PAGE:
A recently produced enterprise artificial intelligence strategy is now in place to guide the Health and Human Services Department’s ongoing and upcoming efforts involving the technology. The 7-page document outlines a strategic approach to broaden tech fluency and accelerate AI-centered pursuits across HHS—and it also establishes an AI Council to help facilitate the massive health agency’s overall implementation. “Ultimately, this strategy is the first step towards transforming HHS into an AI fueled enterprise,” it reads.


Microsoft Official Blog 2021 Washington state Legislative Session priorities
It’s a testament to the resiliency of our democracy that even in the midst of a global pandemic, with its restrictions on in-person meetings, our state lawmakers have found a way to conduct their business and still allow for meaningful public participation and transparency of their deliberations. In keeping with that commitment to transparency, since 2017, we have shared Microsoft’s legislative priorities for the annual session of the Washington State Legislature.

Law360 Microsoft Draws Wide Support In Bid To Ax Warrant Gag Order
The U.S. Chamber of Commerce, more than two dozen media organizations and former federal prosecutors are among those backing Microsoft’s bid to convince the Second Circuit to strike down a “secrecy order” barring it from telling a large corporate client that the U.S. government has issued a warrant for the client’s data.

Axios 2 in 5 U.S. seniors lack sufficient broadband
Twenty million U.S. seniors lack a high-speed wired connection to the internet, according to a new study by the nonprofit Older Adults Technology Services (OATS), which works to get seniors access to the internet. Internet access has long been critical for seniors, but has become absolutely essential during the pandemic for access to healthcare, online shopping, social outlets and more.

NBC Twitter launches ‘Birdwatch,’ a forum to combat misinformation
Twitter unveiled a feature Monday meant to bolster its efforts to combat misinformation and disinformation by tapping users in a fashion similar to Wikipedia to flag potentially misleading tweets. The new system allows users to discuss and provide context to tweets they believe are misleading or false. The project, titled Birdwatch, is a standalone section of Twitter that will at first only be available to a small set of users, largely on a first-come, first-served basis.

Axios Facebook says it will give researchers access to political ad data
Facebook on Monday said it’s giving outside researchers more information about how and why political ads get shown to certain users. Researchers have long complained that Facebook has been slow to grant experts access to information about ways its platform is used. The tech giant says it will be providing new data to researchers on Feb. 1 about political, social and election ads that ran on its platform from Aug. 3 to Nov. 3 of 2020. It will be making the targeting criteria — “such as location and interests, selected by advertisers running social issue, electoral or political ads” — available for analysis and reporting.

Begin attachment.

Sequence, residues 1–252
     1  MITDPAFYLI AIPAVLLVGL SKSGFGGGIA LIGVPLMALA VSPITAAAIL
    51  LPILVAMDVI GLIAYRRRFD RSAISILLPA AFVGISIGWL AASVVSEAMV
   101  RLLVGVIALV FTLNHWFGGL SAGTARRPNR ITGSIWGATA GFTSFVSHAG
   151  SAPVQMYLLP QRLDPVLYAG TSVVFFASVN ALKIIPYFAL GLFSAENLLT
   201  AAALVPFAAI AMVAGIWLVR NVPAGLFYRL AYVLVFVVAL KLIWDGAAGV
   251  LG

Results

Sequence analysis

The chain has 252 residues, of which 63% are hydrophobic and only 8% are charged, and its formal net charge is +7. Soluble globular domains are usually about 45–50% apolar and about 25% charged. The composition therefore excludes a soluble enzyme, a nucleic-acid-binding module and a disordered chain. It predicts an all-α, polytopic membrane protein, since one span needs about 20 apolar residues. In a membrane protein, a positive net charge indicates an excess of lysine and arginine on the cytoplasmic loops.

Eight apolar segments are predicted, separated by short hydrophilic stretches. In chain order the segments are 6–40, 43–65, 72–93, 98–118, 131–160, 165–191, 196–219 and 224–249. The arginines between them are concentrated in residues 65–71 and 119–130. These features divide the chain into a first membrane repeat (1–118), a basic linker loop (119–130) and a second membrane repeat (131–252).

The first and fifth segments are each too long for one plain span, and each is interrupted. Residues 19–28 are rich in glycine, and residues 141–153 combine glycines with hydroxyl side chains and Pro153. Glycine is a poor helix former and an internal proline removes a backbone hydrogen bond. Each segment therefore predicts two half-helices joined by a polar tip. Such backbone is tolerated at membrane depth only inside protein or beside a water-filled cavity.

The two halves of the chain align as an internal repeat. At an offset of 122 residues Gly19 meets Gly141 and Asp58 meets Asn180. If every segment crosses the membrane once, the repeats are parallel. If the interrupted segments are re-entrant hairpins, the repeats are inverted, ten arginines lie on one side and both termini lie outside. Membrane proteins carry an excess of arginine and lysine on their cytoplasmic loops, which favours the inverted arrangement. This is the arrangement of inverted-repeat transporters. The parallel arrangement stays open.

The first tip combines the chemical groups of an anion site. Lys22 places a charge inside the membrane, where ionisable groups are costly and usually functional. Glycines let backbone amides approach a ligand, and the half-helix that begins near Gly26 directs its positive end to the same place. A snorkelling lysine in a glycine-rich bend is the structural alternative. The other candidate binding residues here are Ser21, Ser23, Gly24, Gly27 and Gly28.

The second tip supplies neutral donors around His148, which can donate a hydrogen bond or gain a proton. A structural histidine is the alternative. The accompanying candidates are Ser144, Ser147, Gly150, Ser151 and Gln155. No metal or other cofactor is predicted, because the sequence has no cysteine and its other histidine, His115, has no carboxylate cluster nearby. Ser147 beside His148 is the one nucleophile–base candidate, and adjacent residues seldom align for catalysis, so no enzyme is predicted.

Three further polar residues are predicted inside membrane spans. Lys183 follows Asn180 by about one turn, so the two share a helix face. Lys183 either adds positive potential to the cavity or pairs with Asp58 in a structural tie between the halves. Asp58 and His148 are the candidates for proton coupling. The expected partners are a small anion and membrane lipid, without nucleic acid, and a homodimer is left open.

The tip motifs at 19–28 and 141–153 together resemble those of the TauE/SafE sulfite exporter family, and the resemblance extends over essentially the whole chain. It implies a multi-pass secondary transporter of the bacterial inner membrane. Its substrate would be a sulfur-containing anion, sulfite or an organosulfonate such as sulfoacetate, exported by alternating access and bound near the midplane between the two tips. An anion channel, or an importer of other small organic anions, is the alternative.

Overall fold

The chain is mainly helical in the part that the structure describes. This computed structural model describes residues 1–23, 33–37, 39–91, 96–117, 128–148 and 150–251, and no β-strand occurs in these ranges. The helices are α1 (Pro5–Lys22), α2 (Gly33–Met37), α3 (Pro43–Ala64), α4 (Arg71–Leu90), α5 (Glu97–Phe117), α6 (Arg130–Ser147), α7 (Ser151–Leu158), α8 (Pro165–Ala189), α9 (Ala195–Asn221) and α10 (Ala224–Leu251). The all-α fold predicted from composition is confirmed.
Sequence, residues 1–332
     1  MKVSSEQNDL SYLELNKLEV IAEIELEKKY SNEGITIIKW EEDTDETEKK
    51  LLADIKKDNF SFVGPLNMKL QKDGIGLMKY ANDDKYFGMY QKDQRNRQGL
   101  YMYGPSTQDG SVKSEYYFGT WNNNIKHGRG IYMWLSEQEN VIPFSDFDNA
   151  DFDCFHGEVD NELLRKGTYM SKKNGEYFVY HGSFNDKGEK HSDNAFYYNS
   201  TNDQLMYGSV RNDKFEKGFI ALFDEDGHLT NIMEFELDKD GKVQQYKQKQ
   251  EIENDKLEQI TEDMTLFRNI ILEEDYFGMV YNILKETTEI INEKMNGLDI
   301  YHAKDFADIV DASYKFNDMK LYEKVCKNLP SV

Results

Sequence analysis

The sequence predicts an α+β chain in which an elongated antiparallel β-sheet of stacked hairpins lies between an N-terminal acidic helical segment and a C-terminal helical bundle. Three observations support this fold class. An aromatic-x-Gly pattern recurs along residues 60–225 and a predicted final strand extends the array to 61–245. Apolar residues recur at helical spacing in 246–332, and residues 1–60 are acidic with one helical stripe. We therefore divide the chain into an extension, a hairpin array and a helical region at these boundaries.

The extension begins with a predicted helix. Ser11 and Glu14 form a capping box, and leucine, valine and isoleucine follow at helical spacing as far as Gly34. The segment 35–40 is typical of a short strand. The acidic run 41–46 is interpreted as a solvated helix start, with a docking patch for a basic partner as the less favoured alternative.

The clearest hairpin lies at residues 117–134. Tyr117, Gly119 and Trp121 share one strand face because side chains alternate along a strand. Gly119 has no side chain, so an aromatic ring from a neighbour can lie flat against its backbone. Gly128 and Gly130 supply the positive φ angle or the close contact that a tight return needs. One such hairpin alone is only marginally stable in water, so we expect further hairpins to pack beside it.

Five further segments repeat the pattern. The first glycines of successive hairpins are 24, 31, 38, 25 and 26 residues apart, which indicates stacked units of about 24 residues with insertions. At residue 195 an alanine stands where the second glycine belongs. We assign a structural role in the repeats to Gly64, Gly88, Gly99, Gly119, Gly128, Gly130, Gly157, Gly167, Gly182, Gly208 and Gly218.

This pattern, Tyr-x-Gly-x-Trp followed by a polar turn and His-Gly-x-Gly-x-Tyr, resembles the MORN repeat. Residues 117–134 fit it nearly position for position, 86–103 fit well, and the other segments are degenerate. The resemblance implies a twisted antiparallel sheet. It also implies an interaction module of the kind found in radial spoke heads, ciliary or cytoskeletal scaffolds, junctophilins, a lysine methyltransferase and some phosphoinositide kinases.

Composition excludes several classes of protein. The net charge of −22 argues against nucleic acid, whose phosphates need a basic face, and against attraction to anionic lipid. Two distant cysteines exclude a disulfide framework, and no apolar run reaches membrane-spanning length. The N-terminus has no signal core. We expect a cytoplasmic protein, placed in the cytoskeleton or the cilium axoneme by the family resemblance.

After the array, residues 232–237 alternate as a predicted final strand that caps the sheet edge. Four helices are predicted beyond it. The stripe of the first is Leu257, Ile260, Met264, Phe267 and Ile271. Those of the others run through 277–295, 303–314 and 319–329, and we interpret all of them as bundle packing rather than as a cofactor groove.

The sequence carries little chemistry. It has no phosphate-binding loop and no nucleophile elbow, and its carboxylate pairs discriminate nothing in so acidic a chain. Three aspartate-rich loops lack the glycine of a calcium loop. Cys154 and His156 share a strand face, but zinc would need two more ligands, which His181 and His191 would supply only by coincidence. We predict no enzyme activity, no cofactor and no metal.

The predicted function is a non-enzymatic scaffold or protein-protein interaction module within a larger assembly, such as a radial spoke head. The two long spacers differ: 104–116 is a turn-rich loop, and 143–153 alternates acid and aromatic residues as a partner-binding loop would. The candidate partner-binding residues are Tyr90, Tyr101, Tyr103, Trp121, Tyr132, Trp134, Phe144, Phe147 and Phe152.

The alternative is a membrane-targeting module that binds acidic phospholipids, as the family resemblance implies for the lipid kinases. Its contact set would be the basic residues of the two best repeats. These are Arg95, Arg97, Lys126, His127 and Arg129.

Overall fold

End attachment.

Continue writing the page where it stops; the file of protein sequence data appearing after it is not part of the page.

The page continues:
The Intercept How Biden’s FCC Could Bring Fast Relief To Students Struggling With Remote Learning
President Joe Biden’s recent pick to chair the Federal Communications Commission, Jessica Rosenworcel, is welcome news to those who have been fighting to help students access the internet during the coronavirus pandemic. It was Rosenworcel herself, one of just two Democrats on the five-person commission, who years back coined the term “the homework gap,” referring to inequities faced by kids living in communities with poor internet infrastructure or in households that can’t afford internet service.


The Brookings Institute

  • Blog on Diversity in Technology Policy Hearings
    Congress has a problem when it comes to the lack of representation among the many roles in the legislative branch: non-white people compose approximately 11% of senior staffers in the Senate and 21% in the House, as well as approximately one-quarter of elected members in both chambers. Diversity among elected members and staffers is gradually improving, and a variety of deliberate initiatives, including the creation of a formal House Office of Diversity and Inclusion and Senate Democratic Diversity Initiative, seek to improve the situation further. But discussions on some of the nation’s most critical problems still often lack the perspectives of stakeholders from diverse racial or ethnic backgrounds. (TechTank – With new House rules, more diversity in technology legislation and hearings is possibleJanuary 21, 2021)

Information Technology & Innovation Foundation

  • Blog on Washington State Privacy Act
    The Washington State Legislature is trying for the third time to pass a statewide privacy bill, after failing to do so in 2019 and 2020. Washington is one of several states currently considering comprehensive privacy legislation after California passed its flawed but influential California Consumer Privacy Act in 2018. The strengthening momentum behind these state efforts demonstrates the need for Congress to pass comprehensive federal data privacy legislation to create a single national standard for data privacy that balances consumer welfare and innovation. (ITIF Blog – Washington State Privacy Act Demonstrates the Need for Federal PreemptionJanuary 22, 2021)

Note: Voices for Innovation regularly shares a range of opinion articles and press releases from organizations in and publications covering tech policy. These pieces are meant to educate our audience, not to endorse specific platforms or bills.